In 1967 Governor Tom McCall signed the Beach Bill with great fanfare — granting the public recreational access to Oregon's beaches. But the bill almost died in committee. A behind the scenes look at the history, politics and people behind HB 1601.
Governor Tom McCall signed the Beach Bill with great fanfare, calling it "one of the most far reaching measures of its kind enacted by any legislative body in the nation." The bill granted the public recreational rights to the dry sands of Oregon’s beaches all the way to the vegetation line.
But the fight to protect Oregon's beaches from private development and "No Trespassing" signs began around 1913 when Governor Oswald West designated Oregon's tidelands — the wet sand portion of the beach — as a public highway.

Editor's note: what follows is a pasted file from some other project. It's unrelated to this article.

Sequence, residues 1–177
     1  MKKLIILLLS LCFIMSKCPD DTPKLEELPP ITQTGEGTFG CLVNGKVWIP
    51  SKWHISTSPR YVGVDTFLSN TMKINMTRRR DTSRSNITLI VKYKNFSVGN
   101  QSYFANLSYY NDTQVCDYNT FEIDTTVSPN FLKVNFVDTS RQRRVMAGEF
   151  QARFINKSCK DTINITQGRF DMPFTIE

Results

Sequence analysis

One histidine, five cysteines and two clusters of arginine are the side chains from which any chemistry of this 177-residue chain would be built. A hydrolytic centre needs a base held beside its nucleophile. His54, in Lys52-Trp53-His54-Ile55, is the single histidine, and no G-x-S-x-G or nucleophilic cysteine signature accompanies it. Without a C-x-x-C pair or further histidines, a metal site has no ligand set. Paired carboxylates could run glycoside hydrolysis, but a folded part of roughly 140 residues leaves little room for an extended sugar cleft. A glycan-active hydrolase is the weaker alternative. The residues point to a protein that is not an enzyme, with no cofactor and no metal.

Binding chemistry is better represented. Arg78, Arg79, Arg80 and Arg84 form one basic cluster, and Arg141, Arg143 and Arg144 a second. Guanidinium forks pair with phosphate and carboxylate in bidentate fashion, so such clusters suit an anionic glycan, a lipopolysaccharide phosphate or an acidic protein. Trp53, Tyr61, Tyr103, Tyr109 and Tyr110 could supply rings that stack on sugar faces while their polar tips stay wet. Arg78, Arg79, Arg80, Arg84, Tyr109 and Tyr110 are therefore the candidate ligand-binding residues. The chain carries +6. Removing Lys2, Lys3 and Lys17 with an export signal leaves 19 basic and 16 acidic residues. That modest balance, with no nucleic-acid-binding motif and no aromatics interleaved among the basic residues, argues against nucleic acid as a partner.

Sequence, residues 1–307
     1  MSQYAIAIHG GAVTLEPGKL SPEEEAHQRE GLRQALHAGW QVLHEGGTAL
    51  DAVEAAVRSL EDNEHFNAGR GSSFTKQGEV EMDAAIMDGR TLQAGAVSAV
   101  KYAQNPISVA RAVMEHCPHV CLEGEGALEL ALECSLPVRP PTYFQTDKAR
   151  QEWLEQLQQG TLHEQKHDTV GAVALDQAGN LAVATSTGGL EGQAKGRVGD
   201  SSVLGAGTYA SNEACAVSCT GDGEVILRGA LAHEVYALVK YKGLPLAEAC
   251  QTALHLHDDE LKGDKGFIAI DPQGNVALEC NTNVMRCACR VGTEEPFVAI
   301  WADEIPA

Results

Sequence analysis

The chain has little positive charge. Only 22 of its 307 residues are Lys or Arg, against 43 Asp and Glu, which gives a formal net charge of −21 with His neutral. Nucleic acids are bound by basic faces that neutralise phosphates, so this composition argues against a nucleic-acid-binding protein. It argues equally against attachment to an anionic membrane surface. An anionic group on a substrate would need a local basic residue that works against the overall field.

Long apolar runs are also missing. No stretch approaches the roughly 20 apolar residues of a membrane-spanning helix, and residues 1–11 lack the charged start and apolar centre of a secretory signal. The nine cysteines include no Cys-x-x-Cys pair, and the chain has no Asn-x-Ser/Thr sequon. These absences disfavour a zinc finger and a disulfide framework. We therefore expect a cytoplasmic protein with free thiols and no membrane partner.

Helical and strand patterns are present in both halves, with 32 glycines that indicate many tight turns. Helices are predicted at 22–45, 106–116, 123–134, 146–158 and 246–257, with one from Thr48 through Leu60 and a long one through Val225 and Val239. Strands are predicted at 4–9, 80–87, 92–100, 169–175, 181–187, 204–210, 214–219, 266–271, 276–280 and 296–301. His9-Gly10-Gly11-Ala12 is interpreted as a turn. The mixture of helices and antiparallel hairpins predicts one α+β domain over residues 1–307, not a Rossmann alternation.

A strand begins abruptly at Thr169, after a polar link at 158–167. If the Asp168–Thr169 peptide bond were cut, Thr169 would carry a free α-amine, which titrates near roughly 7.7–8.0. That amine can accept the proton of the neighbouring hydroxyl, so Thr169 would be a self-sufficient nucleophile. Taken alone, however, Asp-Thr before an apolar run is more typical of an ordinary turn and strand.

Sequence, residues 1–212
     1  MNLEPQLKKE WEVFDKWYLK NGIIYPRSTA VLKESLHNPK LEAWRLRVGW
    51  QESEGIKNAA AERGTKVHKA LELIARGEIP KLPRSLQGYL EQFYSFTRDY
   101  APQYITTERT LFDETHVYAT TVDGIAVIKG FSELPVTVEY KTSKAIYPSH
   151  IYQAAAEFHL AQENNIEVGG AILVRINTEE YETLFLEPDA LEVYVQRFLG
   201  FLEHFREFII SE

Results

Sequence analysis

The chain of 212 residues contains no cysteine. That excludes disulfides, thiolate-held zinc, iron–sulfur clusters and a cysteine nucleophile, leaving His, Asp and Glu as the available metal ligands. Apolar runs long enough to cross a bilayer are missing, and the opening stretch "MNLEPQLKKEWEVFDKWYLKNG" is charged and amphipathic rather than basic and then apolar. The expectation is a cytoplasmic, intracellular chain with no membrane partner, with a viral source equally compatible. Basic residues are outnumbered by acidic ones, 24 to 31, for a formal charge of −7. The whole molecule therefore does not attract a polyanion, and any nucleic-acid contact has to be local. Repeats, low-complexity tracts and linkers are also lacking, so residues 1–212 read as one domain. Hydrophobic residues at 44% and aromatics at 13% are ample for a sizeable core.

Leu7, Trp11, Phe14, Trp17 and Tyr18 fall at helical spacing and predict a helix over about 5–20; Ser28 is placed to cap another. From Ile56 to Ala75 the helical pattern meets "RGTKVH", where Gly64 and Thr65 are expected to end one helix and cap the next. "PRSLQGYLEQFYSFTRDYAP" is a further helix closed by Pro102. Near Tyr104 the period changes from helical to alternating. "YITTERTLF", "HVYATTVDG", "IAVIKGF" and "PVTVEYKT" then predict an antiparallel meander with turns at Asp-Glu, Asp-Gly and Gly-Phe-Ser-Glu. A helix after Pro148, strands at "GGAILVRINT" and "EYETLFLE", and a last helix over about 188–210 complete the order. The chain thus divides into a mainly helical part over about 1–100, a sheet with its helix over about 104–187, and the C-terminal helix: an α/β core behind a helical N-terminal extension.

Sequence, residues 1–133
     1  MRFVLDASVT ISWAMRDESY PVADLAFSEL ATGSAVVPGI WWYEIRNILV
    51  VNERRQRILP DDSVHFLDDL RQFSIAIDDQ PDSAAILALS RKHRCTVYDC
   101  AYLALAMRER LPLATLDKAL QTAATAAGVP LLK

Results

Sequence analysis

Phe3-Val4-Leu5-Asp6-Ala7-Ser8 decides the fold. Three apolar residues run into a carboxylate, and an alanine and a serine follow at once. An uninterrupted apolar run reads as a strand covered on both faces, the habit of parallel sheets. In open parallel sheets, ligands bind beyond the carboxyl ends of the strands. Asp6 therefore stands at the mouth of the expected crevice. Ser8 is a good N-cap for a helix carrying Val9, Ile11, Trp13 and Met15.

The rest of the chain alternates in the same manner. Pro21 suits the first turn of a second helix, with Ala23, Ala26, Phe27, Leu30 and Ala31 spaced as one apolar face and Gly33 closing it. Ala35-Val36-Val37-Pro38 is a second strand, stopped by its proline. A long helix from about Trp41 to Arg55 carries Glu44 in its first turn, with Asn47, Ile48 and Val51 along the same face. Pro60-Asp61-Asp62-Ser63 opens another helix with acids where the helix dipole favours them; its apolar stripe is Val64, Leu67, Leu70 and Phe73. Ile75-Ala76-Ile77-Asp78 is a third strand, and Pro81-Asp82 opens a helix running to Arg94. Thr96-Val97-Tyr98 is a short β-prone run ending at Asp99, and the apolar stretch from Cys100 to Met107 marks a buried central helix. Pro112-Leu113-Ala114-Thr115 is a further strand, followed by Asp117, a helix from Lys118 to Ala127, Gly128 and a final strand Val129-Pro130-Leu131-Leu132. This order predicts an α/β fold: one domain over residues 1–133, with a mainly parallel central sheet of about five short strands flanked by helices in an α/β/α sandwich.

But in the 1960s, private developers along the coast began challenging the law saying that, in fact, the dry sand portion of the beach belonged to the upland owners. And, therefore, they could do whatever they wanted with the land — including erecting barricades to create "private beaches."
What ensued was a fight to save all of Oregon's beaches for public recreational use. The battle erupted into the hottest issue of the 1967 legislative session and created the greatest public response to any issue in Oregon's legislative history.
Using archival footage of Governor Tom McCall, State Treasurer Bob Straub and many others, the program illuminates the events and issues that led to the Beach Bill and tells the stories of people who worked for its passage.
Broadcast Date: November 12, 2007